Dispatches from the Digital Revolution

What’s the cost of credibility?

Abraham Lincoln


Last week I read a pretty hilarious Atlantic article titled “Abraham Lincoln Did Not Invent Facebook: How a Guy and His Blog Fooled the Whole Wide Internet.” If you haven’t heard about the hoax, I’ll summarize: habitual prankster Nate St. Pierre wrote a blog post revealing that Abraham Lincoln had created a proto-Facebook back in the 19th century. After some canny social media engineering, the story went viral. Readers were going nuts over this revelation, never mind that it wasn’t a bit true.

In the Atlantic article, St. Pierre explained that he purposefully made the story easy to debunk, but it was such a great story that most people didn’t even try to fact check it before sharing it with their friends. Even though it was just a post on someone’s personal blog, not something with the might of an established newspaper or magazine behind it.

As we go deeper and deeper into the “culture of free,” we get used to getting everything for free, and we whine when the New York Times decides to instate a paywall (living proof that we really won’t buy the cow if we can get the milk for free… guess I owe Grandma an apology). But since we’ve been talking a lot about ebook pricing lately, it was really interesting to see that reputation, credibility, and money are slowly becoming less entangled.

January 1934 cover of Esquire Magazine


We have long equated price with quality, and in most cases this was justified. We pay more to get a better product or better service, and we associate high-cost goods with a certain image. Case in point: according to one of my old textbooks, in its early days Esquire charged more per issue so that readers would feel that buying the magazine conferred upon them higher status.

Things are a little bit different now. We still might judge people based on the perceived value of their belongings, but as far as quality of information goes, we trust free websites for our news just as much (okay, maybe almost as much) as we trusted the Wall Street Journal or New York Times.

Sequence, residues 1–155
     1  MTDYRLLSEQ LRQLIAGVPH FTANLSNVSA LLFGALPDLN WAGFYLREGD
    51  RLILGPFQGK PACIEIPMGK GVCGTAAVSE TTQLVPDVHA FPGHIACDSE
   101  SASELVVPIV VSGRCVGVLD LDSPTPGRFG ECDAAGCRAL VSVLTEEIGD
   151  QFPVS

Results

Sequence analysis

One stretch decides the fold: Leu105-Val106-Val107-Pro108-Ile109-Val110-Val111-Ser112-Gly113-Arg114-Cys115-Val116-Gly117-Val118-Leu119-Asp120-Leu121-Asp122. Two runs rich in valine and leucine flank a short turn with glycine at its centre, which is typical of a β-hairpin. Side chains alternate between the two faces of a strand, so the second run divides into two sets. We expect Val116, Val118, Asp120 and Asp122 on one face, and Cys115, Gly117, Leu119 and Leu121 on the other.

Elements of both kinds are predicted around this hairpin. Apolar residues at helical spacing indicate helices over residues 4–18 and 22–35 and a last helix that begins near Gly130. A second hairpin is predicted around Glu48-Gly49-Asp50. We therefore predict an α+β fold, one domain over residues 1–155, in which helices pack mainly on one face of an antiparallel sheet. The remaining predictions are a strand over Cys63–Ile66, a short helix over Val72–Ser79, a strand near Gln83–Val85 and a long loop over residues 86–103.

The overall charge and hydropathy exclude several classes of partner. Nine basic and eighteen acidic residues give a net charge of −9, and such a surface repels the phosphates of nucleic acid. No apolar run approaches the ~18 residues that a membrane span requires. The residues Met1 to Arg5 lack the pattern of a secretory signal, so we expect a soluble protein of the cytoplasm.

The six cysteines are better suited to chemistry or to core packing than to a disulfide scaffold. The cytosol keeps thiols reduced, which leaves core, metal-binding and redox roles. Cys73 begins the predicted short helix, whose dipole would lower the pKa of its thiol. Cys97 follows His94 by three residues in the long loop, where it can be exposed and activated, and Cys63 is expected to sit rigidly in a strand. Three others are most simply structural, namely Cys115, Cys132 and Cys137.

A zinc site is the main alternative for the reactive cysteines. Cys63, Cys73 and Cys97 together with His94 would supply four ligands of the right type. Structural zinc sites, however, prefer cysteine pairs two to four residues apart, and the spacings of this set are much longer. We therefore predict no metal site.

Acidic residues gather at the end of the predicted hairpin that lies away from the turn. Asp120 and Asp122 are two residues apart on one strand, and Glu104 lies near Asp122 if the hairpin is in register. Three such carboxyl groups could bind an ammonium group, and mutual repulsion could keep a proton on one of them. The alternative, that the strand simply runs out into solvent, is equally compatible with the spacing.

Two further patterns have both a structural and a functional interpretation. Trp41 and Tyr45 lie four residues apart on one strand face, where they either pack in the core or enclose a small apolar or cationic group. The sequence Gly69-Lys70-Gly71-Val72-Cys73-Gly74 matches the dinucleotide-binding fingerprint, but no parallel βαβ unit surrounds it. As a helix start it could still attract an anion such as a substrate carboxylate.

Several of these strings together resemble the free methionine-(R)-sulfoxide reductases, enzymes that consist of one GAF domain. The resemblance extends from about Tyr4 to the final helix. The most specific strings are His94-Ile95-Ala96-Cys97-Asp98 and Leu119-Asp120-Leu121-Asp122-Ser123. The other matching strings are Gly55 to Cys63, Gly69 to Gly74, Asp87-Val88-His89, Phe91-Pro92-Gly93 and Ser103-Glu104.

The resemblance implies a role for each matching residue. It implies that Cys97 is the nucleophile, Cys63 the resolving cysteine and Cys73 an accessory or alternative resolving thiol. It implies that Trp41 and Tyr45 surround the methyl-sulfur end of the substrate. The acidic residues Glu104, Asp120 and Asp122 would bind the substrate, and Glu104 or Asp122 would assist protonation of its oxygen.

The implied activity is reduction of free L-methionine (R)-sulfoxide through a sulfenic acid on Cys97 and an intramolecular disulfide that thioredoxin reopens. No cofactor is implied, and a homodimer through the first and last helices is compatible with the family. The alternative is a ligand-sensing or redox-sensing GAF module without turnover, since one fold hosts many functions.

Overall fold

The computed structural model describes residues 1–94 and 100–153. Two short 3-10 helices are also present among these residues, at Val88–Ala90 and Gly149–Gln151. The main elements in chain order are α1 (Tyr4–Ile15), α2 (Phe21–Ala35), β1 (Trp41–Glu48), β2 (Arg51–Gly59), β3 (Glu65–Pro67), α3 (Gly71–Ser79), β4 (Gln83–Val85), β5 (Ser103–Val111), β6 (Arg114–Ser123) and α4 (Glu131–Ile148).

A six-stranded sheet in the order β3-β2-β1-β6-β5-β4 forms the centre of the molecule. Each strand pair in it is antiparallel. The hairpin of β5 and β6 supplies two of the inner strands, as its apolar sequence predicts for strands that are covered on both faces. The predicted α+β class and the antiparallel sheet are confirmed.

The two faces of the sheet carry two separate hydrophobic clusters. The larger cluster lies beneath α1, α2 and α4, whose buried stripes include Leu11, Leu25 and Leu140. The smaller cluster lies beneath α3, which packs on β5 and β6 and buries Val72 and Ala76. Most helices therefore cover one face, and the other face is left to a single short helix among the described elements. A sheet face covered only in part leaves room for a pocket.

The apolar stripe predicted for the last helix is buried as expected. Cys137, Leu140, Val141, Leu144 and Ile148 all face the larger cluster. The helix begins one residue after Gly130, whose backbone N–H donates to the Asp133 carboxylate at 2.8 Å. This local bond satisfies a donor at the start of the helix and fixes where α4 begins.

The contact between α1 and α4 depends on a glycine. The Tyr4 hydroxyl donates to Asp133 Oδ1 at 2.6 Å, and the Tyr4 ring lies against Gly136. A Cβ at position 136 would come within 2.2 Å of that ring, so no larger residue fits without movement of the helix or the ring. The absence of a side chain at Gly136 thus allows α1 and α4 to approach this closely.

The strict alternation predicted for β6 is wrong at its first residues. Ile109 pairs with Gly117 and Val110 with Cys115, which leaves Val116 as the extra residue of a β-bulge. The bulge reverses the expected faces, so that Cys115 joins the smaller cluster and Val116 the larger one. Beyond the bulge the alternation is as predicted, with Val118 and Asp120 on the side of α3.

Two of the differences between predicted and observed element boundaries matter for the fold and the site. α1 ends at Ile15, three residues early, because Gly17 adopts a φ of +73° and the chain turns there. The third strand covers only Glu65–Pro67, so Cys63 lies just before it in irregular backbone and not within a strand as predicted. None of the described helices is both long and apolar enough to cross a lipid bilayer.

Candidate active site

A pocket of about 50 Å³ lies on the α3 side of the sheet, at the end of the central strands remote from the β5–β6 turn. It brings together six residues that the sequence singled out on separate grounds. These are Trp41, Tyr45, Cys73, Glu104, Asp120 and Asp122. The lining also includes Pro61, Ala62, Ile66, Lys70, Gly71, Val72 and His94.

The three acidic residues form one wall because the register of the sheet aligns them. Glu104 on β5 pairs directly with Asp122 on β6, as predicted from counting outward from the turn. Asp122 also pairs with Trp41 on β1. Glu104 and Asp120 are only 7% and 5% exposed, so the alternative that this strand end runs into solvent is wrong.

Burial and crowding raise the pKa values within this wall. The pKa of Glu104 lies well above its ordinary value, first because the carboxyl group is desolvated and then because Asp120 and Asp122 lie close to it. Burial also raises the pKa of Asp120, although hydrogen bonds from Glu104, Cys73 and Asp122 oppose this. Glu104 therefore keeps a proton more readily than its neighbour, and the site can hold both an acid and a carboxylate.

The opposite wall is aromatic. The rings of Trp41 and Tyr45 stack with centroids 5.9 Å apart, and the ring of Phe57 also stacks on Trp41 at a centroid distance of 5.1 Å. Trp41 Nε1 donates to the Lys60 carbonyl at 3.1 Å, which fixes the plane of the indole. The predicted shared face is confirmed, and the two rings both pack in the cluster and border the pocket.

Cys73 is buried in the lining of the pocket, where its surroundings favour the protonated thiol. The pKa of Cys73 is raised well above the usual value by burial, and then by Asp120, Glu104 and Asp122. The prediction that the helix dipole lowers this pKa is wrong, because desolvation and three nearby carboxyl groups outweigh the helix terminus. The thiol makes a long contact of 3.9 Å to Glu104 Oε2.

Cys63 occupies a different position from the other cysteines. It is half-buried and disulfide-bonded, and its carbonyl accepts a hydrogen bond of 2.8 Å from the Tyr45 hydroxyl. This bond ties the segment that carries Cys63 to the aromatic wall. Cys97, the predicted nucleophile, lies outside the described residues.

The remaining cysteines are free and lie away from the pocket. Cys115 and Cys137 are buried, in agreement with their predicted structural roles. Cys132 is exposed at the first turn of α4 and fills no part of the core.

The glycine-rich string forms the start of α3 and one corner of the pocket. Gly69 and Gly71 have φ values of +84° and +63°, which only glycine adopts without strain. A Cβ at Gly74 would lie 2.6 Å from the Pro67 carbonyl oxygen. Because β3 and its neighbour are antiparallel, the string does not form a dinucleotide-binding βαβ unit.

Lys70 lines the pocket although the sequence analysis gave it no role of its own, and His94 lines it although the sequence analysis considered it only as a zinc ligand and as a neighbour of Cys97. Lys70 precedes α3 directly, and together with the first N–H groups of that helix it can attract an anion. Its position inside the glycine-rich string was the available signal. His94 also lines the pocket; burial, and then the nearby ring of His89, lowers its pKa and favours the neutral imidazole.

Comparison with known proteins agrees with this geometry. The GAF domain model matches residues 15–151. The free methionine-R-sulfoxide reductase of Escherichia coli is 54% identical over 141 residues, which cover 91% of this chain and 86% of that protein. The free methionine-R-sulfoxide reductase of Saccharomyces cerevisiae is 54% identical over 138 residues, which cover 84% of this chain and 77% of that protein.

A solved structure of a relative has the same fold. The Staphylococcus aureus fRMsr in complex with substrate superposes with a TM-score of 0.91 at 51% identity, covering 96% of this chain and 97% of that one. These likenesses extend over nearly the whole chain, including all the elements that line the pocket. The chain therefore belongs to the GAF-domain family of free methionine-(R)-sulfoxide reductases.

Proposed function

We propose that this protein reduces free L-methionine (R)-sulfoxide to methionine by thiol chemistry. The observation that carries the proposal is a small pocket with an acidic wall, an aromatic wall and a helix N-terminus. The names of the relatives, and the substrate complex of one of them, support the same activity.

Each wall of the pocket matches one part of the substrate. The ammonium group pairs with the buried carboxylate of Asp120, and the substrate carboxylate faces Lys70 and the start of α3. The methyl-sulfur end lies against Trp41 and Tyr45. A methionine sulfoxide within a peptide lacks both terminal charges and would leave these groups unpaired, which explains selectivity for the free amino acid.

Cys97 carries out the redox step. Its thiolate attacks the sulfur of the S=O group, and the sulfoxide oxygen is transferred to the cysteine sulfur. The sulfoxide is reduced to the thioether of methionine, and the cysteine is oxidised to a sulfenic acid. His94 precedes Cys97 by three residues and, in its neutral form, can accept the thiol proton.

Clearly, a complicating factor in The Age of Social Media is a site or article’s viral appeal. The more people link to it, and the more it appears on other websites, the more we trust a source—making re-linking like the currency of the information age.

When it comes to books, how much does price matter in the value we place on the information they contain? I’m personally the kind of snob that thinks a 99-cent ebook couldn’t possibly compare in terms of literary value to a $29.99 hardcover. But then there are authors like Paulo Coelho, who  seem to think that cost has nothing to do with value. For this author, the price his books fetched was nothing compared to the numbers of people who purchased the book at a dramatically reduced price. And nobody was going, “Oh, that old rag?” simply because the books no longer cost $9.99.

I’m not saying that the cost of information has nothing to do with its quality; I still trust the New York Times far more than most other sources because it has the weight of its reputation behind it…but that’s also how they get away with charging, too.

When we get used to paying one flat rate for an ebook, does the author’s reputability and expertise matter anymore? Does the publisher’s reputation matter? Or are we soon to pick our new favorite experts based on who offers their work the cheapest? For me personally, when it comes to written content, cost and credibility are still pretty well entangled. But can it last in a culture obsessed with free?


This entry was posted on May 13, 2012 by in Culture, Opinion and tagged , , , , .

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